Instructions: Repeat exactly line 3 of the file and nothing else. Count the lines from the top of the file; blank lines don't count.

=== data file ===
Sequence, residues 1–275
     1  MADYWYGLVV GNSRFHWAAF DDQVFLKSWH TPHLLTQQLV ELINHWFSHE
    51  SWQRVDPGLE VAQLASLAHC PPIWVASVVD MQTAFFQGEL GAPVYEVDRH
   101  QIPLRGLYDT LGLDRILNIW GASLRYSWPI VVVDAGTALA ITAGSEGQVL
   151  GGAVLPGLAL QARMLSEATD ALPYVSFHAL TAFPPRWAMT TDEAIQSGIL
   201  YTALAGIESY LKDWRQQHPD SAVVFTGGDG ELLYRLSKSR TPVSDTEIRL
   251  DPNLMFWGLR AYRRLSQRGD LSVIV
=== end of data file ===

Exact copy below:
    51  SWQRVDPGLE VAQLASLAHC PPIWVASVVD MQTAFFQGEL GAPVYEVDRH